Award winning food writer and former Atlantan John T. Edge will return on Wednesday, May 30th to promote his new book “The Truck Food Cookbook”. The new book explores the exploding truck and cart food movement across the country and collects over 150 recipes from food trucks in 15+ cities Edge visited during his research.
Edge, a former contributor to the AJC, is a five-time James Beard Award nominee and a winner earlier this month of The MFK Fisher Distinguished Writing Award, writes the monthly “United Tastes” for The New York Times. Edge also acts as the director of the Southern Foodways Alliance, a non-profit institute based at the University of Mississippi dedicated to documenting, studying, and celebrating the diverse food cultures of the American South.
Another Atlanta resident, food stylist Angie Mosier, provided all of the photography for the book, as well as collected and interpreted all of the recipes as well. Much has changed in Atlanta since Edge was in the process of writing “The Truck Food Cookbook”, and now that the scene has picked up in his former home town, he wanted to celebrate the book and Mosier’s contribution in her hometown.
Beginning at noon on May 30th, Edge will be at the food truck gathering hosted at The Stove Works in Inman Park at 112 Krog St. He, along with A Capella Books will be part of the convoy as he signs copies of his new cookbook.
I spoke with Edge on the phone recently, and discussed “The Truck Food Cookbook”, as well as some of the things he observed in his year long trek across the US exploring the truck food scene.
JW: What is the background on the book? Where did the idea for The Truck Food Cookbook come from?
JTE: I was traveling in Vietnam about 6 or 8 years ago, with my rear on the curb and feet in the gutter, eating this great banh mi sandwich with shaved cucumber and fresh picked cilantro from a garden not twenty paces away, and I had this moment of thinking “Why don’t we have street food like this in America?” When I got home and started traveling some, I saw the beginnings of what I was documenting and celebrating in the book, which is this ascendance of truck food/cart food/street food all across the country. I ended up traveling to about 15 different cities over the course of a year, trying to make sense of what is going on in those cities, and to document the rise of truck food in those cities, with this idea that our love affair with food in America seems to be maturing. As it matures, people are going to demand good food, not just from white table cloth restaurants, but good food day in and day out. I think one of the great markers of democratization of good food in America is this truck food movement.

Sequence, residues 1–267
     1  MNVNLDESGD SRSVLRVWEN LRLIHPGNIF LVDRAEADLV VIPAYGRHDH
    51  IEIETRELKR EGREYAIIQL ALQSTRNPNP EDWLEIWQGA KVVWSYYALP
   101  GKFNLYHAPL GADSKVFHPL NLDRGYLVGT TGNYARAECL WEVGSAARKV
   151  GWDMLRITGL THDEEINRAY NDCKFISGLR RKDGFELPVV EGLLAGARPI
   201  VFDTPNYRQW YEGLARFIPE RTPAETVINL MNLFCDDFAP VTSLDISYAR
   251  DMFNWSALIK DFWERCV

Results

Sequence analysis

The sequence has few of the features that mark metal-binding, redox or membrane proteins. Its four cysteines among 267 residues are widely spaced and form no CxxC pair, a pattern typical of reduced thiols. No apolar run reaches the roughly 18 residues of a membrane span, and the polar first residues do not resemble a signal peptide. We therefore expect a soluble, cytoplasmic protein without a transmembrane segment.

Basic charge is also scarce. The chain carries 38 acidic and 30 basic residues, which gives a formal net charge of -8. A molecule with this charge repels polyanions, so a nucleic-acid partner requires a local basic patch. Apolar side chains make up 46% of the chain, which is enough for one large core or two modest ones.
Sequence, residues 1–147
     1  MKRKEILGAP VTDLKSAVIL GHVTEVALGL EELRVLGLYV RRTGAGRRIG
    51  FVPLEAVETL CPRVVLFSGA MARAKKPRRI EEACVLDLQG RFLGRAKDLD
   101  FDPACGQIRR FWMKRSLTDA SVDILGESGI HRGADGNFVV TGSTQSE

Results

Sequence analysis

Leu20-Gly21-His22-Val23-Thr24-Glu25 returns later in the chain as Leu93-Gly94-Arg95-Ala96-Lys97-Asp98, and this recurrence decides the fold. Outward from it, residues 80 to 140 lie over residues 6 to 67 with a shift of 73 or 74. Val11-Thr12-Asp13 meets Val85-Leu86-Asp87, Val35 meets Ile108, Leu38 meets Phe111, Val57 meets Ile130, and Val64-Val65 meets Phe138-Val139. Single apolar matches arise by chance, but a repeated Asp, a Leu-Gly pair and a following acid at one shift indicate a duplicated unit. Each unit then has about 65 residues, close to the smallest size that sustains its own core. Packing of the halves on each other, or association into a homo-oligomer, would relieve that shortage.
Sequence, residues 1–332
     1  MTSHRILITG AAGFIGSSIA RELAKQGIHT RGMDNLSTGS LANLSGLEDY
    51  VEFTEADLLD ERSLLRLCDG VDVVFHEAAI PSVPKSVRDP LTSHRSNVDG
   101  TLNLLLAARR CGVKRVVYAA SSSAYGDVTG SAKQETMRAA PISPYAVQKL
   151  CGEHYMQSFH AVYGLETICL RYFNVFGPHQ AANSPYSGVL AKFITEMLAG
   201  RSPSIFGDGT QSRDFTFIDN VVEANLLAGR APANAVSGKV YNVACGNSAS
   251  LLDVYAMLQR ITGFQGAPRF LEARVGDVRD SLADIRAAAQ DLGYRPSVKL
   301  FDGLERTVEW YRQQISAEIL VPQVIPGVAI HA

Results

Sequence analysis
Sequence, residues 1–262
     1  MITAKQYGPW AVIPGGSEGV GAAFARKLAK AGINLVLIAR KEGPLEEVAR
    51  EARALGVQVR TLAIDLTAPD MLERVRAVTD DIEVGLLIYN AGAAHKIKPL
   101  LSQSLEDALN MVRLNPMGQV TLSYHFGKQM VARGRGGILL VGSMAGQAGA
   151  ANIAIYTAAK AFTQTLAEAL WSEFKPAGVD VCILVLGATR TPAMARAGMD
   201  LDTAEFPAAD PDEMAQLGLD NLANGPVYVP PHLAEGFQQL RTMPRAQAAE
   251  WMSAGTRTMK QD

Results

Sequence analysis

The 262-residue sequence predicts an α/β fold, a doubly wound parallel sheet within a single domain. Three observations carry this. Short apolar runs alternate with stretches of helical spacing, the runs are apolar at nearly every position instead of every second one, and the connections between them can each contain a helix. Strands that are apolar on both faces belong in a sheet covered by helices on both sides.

JW: Where did the recipes come from that appear in the book?
JTE: About 75-80% of them came from the carts themselves. Angie coaxed, cajoled, and sweet talked those vendors and restaurateurs into providing us the recipes. No book pays homage to those operators, so we wanted recipes that were enigmatic of those trucks. There were some cases where the cart or truck said “no”, and if that was the case, we did a recipe that was inspired by them based on my observations and Angie’s observations on what they do and how they do it.
JW: Of all of the cities that you visited, which city would you say has embraced the food truck movement more than the rest?
JTE: There are a bunch of different ways to answer that. I think that, in the South, Durham North Carolina probably has the most vital scene. Probably the scene I found most surprising was Madison, Wisconsin. The city has curated a United Nations of food carts on the University Mall in that town. So, there is an East African cart next to a Jamaican cart next to a hippie vegetarian cart. I think Madison is really surprising and great.
JW: Did you visit Atlanta while writing the book?
When I was writing this, Atlanta was not a street food city. It wasn’t a part of the fabric of the city then. I think Christiane Lauterbach had just started Atlantafoodcarts.com around that time. Atlanta didn’t have at that point, though it now does, a scene worthy of comparison to say Portland, Seattle, San Francisco, Austin, or Durham. There have certainly been some improvements in Atlanta since then, and I think that within 6 months, Atlanta will figure it all out.
The Stove Works in Inman Park, 112 Krog St., hosts a fleet of food trucks, 11:30 a.m. – 2:30 p.m. every Wednesday. John T. Edge will be there signing copies of “The Truck Food Cookbook” at noon on May 30.
- By Jon Watson, Food & More blog